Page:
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A full tank in the Volvo, a couple of tax-deductible nights ahead in a country pub, bidding against locals wanting a souvenir of the big house for pieces needing a little TLC that had been in the same elegant property for a century and more…

The heydays of on-site country house contents sales have been gone these 30 years and more, but the lure of the name remains.

The 1270 lots offered at Chorley’s (20% buyer’s premium) Country House Sale at Prinknash Abbey on July 18 proved, said the auctioneers, that “there is still a market for traditional country house contents”.

This remains true even when, as at the Gloucestershire sale, the lots have been garnered from different country houses.

A typical mix of quality and prices was offered, but a 78% selling rate reflected the enthusiasm of bidders and a total just shy of £295,000 underlined that some real quality was on offer.

One departure from a typical old-fashioned country house sale was the lack of ‘sleepers’ – the auctioneers were well aware of what they were offering.

Star was the 17th century Flemish ebony and tortoiseshell cabinet inset with 13 oils-on-copper paintings of mythological scenes which sold on its lower estimate at £20,000 (see ATG No 2302).

“The heydays of on-site country house contents sales have been and gone, but the lure of the name remains

Also selling at the lower end of hopes was a 19th century rosewood musical box with matching stand, by Nicole Frères, Genève. The 3ft 1in (94cm) wide box inlaid with ormolu contained a movement playing six airs on seven cylinders and went to the UK trade at £10,000.

Classic pieces from old style country house sales were a very worn and much-repaired Ziegler carpet and a number of edged weapons.

The c.1900, 24ft x 17ft 7in (7.35 x 4.48m) carpet from west Persia sold on the lower £8000 estimate.

Best of the blades was a gold-hilted dress sword presented in 1802 to Lieutenant Colonel George Smith by his brother officers at the end of the Egyptian Campaign. Later knighted, promoted to lieutenant general and King George’s aide-de-camp, he died during a diplomatic mission to Cadiz in 1809 and is remembered on a plaque in the Town Church, St Peter Port, in his native Guernsey.

His sword sold to a private UK buyer at £8500 against an estimate of £3000-5000.

(See also Art Market for details of paintings from Chorley’s sale).

Across the counties

Even for Shropshire lads, on-site country house sales are now pretty much the land of lost contents but Shrewsbury auction house Halls (20% buyer’s premium) could point to the 430 lots in its July 19 ‘country house sale’ having been ‘sourced from houses large and small across the three counties of Gloucestershire, Worcestershire, Herefordshire’.

“A series of excellent results in the furniture section was particularly pleasing,” said auctioneer Jeremy Lamond, pointing to the success of a mid-18th century mahogany lowboy and a 19th century Empire-style marble topped commode.

The 2ft 4in high x 2ft 6in wide (71 x 76cm) lowboy with crossbanded top and brass swing handles to the three drawers more than doubled top hopes, selling at £4200. The 2ft 9in (84cm) tall, three-drawer commode with marquetry decoration went further above expectations, taking £3800 against a £200-300 estimate.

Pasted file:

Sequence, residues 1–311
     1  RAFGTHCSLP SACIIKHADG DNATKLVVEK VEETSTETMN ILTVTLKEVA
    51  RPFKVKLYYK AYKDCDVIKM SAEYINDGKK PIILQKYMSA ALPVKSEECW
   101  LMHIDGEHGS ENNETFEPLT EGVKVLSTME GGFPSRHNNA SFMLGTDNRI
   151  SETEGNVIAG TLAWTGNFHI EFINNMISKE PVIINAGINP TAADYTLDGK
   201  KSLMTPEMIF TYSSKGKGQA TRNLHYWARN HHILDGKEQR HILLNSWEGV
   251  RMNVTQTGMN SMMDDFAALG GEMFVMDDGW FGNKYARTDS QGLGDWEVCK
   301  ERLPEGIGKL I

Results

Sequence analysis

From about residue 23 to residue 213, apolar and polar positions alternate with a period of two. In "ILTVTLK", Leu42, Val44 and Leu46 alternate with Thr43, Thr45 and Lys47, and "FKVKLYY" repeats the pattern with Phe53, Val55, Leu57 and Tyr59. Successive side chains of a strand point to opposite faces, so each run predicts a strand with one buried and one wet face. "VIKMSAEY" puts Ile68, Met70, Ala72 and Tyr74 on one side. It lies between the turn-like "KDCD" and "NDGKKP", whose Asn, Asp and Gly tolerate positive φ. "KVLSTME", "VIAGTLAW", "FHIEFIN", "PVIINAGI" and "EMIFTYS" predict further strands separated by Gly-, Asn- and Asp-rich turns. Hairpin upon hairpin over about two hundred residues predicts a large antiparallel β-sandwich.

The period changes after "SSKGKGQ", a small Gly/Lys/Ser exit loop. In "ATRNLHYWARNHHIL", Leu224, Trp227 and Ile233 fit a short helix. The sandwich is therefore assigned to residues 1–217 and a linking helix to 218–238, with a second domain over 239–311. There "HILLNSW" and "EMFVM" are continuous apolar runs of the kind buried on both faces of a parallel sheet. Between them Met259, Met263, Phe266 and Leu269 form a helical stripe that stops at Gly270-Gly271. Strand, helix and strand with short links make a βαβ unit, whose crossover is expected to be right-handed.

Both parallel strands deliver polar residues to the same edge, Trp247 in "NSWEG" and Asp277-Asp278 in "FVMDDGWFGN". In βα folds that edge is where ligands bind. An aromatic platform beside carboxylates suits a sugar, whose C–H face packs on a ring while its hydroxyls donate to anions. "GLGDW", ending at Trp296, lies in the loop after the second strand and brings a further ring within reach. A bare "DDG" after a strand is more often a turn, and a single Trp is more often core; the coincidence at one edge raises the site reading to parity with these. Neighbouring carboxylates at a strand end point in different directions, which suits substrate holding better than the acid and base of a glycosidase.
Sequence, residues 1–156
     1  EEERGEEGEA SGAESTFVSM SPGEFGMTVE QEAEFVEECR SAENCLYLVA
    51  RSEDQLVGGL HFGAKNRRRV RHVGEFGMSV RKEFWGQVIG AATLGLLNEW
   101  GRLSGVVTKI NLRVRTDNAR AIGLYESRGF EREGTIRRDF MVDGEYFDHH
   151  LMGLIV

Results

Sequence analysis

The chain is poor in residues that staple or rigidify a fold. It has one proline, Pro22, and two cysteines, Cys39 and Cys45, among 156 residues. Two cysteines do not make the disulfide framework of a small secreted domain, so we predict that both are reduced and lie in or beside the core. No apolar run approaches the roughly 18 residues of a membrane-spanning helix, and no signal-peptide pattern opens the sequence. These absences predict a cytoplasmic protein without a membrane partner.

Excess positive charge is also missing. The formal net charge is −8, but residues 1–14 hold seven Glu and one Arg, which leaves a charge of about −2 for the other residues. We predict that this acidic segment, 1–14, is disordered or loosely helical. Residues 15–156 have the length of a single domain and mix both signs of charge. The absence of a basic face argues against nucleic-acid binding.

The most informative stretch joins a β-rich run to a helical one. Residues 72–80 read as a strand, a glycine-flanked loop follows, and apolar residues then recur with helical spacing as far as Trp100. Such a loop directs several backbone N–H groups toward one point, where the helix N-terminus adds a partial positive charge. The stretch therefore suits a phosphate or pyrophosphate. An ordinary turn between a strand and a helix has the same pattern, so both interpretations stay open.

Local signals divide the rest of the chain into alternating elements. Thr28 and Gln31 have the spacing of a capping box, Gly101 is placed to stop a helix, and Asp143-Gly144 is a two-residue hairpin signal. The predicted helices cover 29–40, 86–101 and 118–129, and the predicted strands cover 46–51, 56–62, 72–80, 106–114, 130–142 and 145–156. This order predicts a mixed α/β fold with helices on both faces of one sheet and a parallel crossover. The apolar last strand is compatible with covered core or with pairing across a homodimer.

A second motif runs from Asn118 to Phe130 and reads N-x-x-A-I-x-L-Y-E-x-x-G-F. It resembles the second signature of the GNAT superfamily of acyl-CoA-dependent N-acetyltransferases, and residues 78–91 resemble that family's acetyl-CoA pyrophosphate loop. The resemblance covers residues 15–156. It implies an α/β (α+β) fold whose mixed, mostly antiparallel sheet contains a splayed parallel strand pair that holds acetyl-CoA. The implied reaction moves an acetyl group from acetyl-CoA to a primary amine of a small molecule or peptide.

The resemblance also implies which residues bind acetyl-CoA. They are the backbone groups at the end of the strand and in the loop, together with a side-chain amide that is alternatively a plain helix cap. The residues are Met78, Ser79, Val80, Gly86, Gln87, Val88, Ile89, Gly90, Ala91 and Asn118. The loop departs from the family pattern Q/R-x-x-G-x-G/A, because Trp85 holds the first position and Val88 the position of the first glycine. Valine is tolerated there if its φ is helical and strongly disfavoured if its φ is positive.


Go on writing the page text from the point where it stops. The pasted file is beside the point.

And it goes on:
However, the success of the sale really lay among the 90 Chinese lots – two stars which between them accounted for 40% of the day’s £330,000 total.

One was the 22in (55cm) tall Qing bottle vase with Yongzheng mark which, despite considerable damage, went to an Asian buyer at £150,000 and was illustrated and discussed in ATG No 2302.

The other was the 18th century export punchbowl illustrated on the opposite page which had come into the saleroom on a valuation day.

The 14¼in (36.5cm) diameter bowl was decorated en grisaille with a continuous monochrome scene of the Hongs along the Pearl River at Canton with the national flags of Western nations identifying each place of business. A significant plus was the inclusion of the Stars and Stripes in what were the early days of the USA.

However, the bowl had been dropped and smashed at some point and given what Lamond described as ‘a passable repair’, leaving him and Oriental specialist Alexander Clement with an estimating problem.

“Aim too high and the buyers will see only the estimate and the damage; too low and the significance of the bowl would be lost,” said Lamond. “In the event we arrived at a relatively healthy £3500-4000.”

Widespread international interest boded well, but bidding on the day was initially slow before phone rivals stepped in and moved things along. The bowl went to a London dealer at £27,000.

Hall together in Etwall

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George III Blue John 12in (30cm) tall vase – top seller by fetching £2900 at Hansons.

Although lacking any high-price stars, the country house sale at Hansons (17.5% buyer’s premium) at the Etwall rooms on July 24 came closest to the old meaning of the title comprising, as it did, the entire contents of The Old Hall, near Melton Mowbray.

It also generated old-style interest.

“This sale showed the desire to own items from a quintessentially English country house has enduring appeal – especially among Americans and Canadians, who flocked to place bids online,” said auctioneer Charles Hanson.

One Canadian buyer was particularly active among the garden statuary pieces, taking a pair of stone Tuscan columns with cushion moulded capitals at a top-estimate £400 and an 18th-century style stone bust of a bare-breasted Bacchanalian woman, with grape headdress, at £520.

Top-seller was a 12in (30cm) tall George III Blue John campana urn vase. The multi-sectional, horizontally banded vase on stepped black marble base went to a private UK buyer comfortably above estimate at £2900.